OR WAIT 15 SECS
Volume 22, Issue 5
Without a rigorous discussion of the pros and cons of QbD, its tremendous benefits will be lost.
Quality by Design (QbD) is a promising opportunity for biopharmaceutical companies to capitalize on the current regulatory and industry focus on drug product quality and process control by leveraging science, compliance, and investment for the benefit of patients and stockholders. Companies that recognize the potential benefits have made excellent progress with QbD and have successfully filed applications with the US Food and Drug Administration, QbD's primary advocate. Others, who have used QbD tools informally, are considering more structured cross-functional approaches for product development. Many others, however, are standing on the sidelines waiting for what they see as the latest quality management flavor-of-the-month to run its course. The challenge for QbD implementation is to convince these sideline skeptics. This article discusses reasons for the skepticism and provides suggestions to managers for how to implement QbD in their companies.
Depending on whom you talk to, you will get different descriptions of what QbD is. Some see it as a product approval quid pro quo to raise the regulatory compliance bar or the latest flavor-of-the-month that adds bureaucracy, cost, and time to product development. All QbD really means, however, is that products, and the processes that make them, are designed in advance to meet their product quality specifications and process control requirements.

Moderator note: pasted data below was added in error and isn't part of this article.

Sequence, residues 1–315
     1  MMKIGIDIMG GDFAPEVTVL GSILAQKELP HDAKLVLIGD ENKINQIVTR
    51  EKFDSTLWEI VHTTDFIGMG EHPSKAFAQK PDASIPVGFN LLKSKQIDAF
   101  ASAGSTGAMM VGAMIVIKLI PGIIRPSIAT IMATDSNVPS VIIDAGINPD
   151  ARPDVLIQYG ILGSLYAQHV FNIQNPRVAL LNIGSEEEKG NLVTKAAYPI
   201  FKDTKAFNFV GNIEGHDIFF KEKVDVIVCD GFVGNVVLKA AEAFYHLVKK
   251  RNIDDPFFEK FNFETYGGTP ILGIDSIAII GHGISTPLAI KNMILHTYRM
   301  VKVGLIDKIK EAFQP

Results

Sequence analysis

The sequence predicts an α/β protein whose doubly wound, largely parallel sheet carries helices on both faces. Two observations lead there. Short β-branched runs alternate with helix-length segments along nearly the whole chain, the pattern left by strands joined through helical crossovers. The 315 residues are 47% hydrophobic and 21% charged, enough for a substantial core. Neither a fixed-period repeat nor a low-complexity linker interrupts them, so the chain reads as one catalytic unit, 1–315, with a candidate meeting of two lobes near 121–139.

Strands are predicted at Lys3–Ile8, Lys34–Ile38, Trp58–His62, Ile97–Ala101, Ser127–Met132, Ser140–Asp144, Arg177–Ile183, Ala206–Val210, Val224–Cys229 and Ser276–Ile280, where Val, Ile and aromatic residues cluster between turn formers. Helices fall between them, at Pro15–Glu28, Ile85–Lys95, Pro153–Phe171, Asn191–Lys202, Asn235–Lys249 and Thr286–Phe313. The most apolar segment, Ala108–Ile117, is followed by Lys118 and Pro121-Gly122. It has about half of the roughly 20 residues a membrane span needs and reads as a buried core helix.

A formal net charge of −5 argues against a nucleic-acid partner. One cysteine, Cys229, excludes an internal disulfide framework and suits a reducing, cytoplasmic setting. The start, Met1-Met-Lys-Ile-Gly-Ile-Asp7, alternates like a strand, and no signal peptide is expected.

The truth is that QbD is based on solid science, valid statistical tools, and sound management techniques that have proven their industrial value for many decades. These include product profiling, experimental design, process mapping, risk assessment, and automated process controls. The goal of QbD is to apply these tools in a structured manner.
These techniques are suspected of taking too much time and costing too much compared with the traditional trial-and-error methods that have been prevalent in development. But a better approach is to structure an experimental design that optimizes the available development time and project funds while maximizing the product and process data delivered. If this sounds too good to be true, consider that design of experiments (DOE), the heart of QbD, offers returns that are four to eight times greater than the cost of running the experiments in a fraction of the time that it would take to run one-factor-at-a-time experiments. (See box on DOE). Furthermore, these approaches are the only way to unlock interactions of multiple factors, something trial-and-error and one-factor-at-a-time experiments cannot. When the QbD approach is used, products are purer and more potent and processes are more robust and have higher productivity. Also, technology transfer risks are reduced because fewer start-up runs and less start-up time are needed, which can lower start-up costs and speed the time-to-market.